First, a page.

Doha Talks On The Brink; Political Leadership Yet To Arrive
The Qatari Presidency of the UN climate talks needs to show leadership now and help ministers finalise a deal in Doha that sees countries reduce their carbon emissions more quickly and provides adequate finance to help poorer countries deal with climate change in the next few years.
The climate talks – the first in the Middle East – are at a crucial juncture with key elements stalling despite the arrival on ministers yesterday, Wael Hmaidan, director of Climate Action Network-International said.
“Despite expectations from the new civil society movement around climate change in the region, Arab political leadership has so far failed to materialise,” Hmaidan said. “But there are two days left of the negotiations, so the Qatar presidency needs to, today, pledge to reduce carbon emissions put money for climate finance on the table in order to lift the political energy in the talks.”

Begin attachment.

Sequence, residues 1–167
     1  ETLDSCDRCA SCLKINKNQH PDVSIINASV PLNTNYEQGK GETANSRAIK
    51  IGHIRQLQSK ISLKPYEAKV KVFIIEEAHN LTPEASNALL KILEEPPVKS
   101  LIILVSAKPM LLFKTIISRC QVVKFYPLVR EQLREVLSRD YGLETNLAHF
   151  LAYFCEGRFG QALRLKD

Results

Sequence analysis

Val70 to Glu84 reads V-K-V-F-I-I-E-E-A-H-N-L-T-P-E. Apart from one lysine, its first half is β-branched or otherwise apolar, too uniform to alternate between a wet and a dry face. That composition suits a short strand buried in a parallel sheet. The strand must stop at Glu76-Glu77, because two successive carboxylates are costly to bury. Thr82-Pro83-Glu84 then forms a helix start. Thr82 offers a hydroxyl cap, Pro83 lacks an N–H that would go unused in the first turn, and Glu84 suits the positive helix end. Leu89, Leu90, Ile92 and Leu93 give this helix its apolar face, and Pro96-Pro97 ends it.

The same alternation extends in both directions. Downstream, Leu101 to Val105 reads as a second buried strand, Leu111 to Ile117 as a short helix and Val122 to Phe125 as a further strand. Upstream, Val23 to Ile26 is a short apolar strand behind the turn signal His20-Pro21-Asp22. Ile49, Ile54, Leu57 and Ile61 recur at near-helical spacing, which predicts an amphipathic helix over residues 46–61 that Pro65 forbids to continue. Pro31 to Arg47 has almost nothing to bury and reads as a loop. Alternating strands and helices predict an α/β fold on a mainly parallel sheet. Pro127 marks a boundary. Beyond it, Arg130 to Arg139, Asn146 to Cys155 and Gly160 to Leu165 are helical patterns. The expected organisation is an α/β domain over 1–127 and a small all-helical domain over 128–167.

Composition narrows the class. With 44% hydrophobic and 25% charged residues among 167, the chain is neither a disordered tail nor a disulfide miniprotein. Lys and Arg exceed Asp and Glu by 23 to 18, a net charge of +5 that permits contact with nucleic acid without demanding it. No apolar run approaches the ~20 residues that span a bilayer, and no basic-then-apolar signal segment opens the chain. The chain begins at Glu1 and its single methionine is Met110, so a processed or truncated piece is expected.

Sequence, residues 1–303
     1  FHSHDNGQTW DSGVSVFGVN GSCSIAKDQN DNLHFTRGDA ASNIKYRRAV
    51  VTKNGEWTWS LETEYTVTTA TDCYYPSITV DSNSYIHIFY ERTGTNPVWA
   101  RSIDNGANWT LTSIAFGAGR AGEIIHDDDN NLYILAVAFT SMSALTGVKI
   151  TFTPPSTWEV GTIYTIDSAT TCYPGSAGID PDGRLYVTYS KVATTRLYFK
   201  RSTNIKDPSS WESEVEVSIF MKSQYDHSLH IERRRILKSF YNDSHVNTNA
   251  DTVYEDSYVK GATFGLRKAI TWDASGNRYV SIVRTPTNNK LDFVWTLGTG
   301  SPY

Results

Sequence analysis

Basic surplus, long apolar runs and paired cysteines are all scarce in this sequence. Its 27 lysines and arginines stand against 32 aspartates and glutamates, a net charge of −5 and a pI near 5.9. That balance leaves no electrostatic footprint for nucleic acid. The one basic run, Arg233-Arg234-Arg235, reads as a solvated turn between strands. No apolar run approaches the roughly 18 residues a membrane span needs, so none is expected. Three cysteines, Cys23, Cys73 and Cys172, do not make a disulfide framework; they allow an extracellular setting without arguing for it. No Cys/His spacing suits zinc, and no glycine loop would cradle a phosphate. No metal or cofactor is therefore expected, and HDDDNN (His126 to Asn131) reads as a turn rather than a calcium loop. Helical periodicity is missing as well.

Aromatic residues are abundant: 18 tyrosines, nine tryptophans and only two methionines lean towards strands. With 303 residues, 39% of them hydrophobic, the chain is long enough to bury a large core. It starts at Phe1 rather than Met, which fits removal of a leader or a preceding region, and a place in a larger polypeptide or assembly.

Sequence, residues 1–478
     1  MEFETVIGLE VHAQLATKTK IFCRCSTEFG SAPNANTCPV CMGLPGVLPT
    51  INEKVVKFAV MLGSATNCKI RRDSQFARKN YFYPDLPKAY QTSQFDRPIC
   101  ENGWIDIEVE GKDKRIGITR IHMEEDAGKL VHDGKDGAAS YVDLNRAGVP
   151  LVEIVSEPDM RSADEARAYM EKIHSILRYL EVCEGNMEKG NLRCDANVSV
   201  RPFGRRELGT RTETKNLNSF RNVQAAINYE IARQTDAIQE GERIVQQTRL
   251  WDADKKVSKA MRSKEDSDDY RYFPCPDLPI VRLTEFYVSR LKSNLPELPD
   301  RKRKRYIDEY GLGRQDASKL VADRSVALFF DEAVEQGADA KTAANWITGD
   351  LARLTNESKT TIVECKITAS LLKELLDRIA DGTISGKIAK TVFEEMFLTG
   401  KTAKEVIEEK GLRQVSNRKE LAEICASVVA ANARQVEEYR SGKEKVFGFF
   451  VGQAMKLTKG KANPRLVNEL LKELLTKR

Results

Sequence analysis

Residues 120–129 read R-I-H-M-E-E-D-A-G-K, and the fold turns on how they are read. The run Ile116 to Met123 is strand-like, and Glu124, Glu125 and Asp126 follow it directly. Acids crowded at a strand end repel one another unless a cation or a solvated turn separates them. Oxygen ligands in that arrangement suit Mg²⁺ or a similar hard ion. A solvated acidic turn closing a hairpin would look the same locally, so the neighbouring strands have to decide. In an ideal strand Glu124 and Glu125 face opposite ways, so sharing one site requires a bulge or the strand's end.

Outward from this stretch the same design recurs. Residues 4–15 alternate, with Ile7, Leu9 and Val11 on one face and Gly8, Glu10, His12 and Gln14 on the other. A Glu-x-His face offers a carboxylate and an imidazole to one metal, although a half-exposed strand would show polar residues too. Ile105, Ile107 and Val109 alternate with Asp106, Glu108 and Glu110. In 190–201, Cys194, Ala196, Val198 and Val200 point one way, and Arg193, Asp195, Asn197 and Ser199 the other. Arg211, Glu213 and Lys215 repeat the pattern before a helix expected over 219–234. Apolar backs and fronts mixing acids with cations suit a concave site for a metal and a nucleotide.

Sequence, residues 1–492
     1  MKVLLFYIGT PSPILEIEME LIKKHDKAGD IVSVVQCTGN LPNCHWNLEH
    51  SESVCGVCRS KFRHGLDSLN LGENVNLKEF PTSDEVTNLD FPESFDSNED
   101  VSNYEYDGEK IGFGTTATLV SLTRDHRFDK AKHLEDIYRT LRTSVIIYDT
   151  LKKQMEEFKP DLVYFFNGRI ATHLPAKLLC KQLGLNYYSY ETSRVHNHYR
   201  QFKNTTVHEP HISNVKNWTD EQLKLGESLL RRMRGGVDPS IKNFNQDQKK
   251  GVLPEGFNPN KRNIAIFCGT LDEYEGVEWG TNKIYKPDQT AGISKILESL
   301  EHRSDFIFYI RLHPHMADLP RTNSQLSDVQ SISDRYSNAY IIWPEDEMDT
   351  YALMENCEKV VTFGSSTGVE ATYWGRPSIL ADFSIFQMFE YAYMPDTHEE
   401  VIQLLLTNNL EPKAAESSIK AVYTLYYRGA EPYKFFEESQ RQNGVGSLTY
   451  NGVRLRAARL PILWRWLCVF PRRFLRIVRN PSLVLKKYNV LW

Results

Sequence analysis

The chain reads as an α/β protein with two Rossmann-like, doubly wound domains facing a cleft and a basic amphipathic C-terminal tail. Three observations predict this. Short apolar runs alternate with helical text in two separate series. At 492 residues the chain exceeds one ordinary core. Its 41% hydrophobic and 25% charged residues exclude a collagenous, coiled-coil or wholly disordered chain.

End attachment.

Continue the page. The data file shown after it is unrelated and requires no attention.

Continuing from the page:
“Further, the presidency needs to bring together countries on the unresolved issues in these talks in a way that raises the ambition of climate action globally.”
Liz Gallagher, senior policy advisor from E3G, said the shape of a deal was starting to emerge with consensus being sought around the crunch issues on the Kyoto Protocol, but the long term cooperative track (LCA) was a mess.
“The disorder in the LCA track jeopardizes the entire Doha deal as well as progress towards an inclusive treaty in 2015,” Gallagher said. “We run the risk of having a zombie outcome here in Doha.”
“This is an urgent plea to ministers to roll up their sleeves and start driving the UN talks forward,” she said.
Steve Herz, from the Sierra Club, said the main blockage in the LCA was climate finance – which was crucial to achieving a deal which was acceptable to the countries most vulnerable to climate change. The US is trying to prevent discussion on how the countries would get to the $100 billion a year target.
“The US risks snatching defeat from the jaws of victory if it keeps blocking action on finance in these talks because it risks bringing down the Durban Platform for a new deal which Washington fought so hard for last year,” Herz said.